What is your number priority when are prospecting?
When I first got started in this profession, I was told by my sponsor that my main priority should be to close my prospect.
“Don’t take no for an answer. If you don’t convince them to join or buy then you are doing them a disservice.”
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As a result I got VERY good at prospecting, recruiting and convincing people to join my team. I was good at hard closing, convincing and overcoming objections. I eventually starting 4 and 5 figure months. The trouble with that is I had a lot of people on my team quit. I learned the hard way that even though you might be good at recruiting, it doesn’t mean you’ll have a big successful team. I was good at getting people to join but it eventually came to a point where most (not all but most) of my recruiting efforts were going towards replacing team members that quit rather than actually growing my team.
I could not keep up with the attrition and eventually my business tanked. I lost everything in the process. My home, my car and even my marriage.
I ended up joining another company so I could start the process again. I was using the same hard closing techniques that were very effective and started to create an income and a team again. Then one day I had a conversation with myself. I didn’t recognize the person I had turned into. For the most part I was recruiting people that I really shouldn’t have recruited. They really didn’t want to join. They did want to create a better life for themselves and their families but they just were not motivated to work. I almost quit the profession of network marketing but I ended up staying I did however change my focus of prospecting. I changed my focus from closing my prospect to serving my prospect.
I used to take it as a loss when I couldn’t get a sale. Now, when I prospect, I take the pressure off of myself. My primary goal is to serve my prospect. That means, it shouldn’t really feel like convincing.
The whole reason why I bring this up is because I saw a transaction between a saleswoman and an elderly couple.
As you can see from the video, the saleswoman did not serve her prospects, she simply wanted to take their money.
When you convince instead of serve
Imagine this scenario:
Your have started your business and you are excited. You talk to your brother about the business and he doesn’t want to join. He’s says that he is not sure if he can make money in the business and he really doesn’t have the time to do it. After talking with him, you convince him that he doesn’t have to work that hard and that it’s a lot easier than it looks. He reluctantly joins. Because of your convincing, he joins at the highest level for about $1500. A month later, he realizes that it’s not that easy and he ends up quitting. Now, when you see him at family gatherings it feels “weird”.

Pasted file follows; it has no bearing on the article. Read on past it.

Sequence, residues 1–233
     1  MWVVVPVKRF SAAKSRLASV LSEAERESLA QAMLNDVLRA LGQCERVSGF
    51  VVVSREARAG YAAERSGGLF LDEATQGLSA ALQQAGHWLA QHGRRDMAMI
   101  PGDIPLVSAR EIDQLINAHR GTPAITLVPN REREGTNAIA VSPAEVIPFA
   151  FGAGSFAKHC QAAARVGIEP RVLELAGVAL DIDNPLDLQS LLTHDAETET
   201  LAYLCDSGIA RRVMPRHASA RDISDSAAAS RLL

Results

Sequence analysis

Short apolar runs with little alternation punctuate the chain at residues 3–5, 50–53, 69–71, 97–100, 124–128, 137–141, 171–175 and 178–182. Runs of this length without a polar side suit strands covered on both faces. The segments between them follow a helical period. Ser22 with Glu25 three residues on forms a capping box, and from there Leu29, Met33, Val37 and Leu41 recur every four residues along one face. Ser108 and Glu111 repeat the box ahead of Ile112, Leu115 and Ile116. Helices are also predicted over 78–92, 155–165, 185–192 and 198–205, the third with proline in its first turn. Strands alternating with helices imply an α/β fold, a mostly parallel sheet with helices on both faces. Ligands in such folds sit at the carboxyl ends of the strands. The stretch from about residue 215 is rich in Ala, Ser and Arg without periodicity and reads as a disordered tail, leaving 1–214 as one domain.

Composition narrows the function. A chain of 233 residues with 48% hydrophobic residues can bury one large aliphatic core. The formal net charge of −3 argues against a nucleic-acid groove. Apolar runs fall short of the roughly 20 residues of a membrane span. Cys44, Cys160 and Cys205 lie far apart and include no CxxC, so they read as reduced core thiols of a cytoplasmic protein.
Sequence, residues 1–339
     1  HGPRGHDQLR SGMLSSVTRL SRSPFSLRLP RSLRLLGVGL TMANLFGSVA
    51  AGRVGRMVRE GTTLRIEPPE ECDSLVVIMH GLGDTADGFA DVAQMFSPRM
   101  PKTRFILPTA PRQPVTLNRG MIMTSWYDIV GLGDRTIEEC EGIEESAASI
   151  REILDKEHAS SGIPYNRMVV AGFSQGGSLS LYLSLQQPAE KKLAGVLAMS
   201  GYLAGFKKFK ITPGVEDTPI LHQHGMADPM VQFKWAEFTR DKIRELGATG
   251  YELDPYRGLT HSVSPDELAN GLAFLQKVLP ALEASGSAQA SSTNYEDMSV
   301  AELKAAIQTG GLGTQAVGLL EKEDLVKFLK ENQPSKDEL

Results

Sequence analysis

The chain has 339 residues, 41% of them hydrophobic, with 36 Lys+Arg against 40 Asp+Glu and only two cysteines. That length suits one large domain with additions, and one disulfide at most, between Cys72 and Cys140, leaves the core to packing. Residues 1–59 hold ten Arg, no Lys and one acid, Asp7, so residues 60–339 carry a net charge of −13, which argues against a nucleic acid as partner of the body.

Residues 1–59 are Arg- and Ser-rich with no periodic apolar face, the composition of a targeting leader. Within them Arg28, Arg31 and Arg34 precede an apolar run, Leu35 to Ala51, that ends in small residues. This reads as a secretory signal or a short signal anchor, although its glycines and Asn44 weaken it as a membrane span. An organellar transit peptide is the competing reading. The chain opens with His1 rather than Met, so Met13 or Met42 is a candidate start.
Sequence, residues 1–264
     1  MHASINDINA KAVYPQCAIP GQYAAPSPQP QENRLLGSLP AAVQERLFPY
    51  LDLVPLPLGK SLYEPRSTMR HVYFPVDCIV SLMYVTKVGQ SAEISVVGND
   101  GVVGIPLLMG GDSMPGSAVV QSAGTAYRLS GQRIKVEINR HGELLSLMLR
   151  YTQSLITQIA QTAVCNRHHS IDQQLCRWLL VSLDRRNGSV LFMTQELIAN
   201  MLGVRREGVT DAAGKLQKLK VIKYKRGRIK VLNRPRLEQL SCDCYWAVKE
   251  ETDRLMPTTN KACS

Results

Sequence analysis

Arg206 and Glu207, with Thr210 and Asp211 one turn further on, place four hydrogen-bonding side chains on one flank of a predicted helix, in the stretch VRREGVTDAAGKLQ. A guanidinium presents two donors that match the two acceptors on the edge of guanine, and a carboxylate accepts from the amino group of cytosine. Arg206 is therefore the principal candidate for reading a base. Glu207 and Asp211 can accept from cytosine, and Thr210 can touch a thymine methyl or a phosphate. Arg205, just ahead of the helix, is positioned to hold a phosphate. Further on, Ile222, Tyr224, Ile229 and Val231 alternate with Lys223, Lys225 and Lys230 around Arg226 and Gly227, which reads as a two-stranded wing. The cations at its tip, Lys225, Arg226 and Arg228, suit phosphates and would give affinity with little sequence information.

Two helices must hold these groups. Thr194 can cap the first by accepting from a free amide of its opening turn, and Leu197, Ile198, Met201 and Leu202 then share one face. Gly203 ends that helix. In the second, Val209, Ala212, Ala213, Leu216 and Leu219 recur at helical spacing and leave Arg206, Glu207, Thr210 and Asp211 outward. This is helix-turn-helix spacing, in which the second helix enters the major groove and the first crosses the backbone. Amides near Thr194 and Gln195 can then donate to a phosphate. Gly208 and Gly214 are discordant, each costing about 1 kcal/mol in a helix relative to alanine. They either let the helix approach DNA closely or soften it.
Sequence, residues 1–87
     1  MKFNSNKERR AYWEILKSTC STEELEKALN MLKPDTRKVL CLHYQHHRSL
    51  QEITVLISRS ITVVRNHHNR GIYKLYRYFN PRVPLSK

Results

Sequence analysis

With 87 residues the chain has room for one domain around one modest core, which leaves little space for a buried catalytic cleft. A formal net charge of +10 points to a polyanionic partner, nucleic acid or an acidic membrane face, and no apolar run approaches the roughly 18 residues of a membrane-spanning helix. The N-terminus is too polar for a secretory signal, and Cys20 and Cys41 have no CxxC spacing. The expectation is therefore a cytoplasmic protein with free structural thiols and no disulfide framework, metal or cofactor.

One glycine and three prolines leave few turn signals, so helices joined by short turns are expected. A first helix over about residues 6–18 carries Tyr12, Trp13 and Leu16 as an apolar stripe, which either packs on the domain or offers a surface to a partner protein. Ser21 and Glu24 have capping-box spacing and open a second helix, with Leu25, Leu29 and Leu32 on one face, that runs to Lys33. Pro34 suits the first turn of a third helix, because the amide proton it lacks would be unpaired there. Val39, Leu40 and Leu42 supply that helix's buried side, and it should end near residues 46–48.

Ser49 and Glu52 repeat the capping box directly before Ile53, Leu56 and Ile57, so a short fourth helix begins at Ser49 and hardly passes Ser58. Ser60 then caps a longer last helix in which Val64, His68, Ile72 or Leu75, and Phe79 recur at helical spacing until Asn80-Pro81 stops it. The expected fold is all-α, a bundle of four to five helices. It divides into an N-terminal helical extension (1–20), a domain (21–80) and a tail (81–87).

Network marketing is different than traditional sales. In traditional sales, the sales person may never see the person again after the transaction. However, in network marketing, you will be working closely with your new business partner. If you convinced them with hype, you will watch them fail. Eventually, they’ll figure it out and you’ll have to look them in the face on a regular basis with each of you knowing that you lied to them just so you could get a commission. Eventually they’ll just quit. If you had focused on serving them instead of closing them, maybe they wouldn’t have joined your team.
If you are in a situation where you are convincing someone that they should join your team, stop for a moment and think to yourself if you are really serving them. It will not serve your prospect if you convince them to join your team but they end up quitting within the first 30 days. Don’t convince your prospects, serve them by qualifying them. If you have to convince them to join, then you’ll have to convince them to work. You probably don’t want someone like that on your team. You want someone that is hungry, excited and ready to work.
If you have to use hype to convince your prospect that the business is easy, they probably will end up quitting. You are better off serving them by letting them know that the business just isn’t for them.
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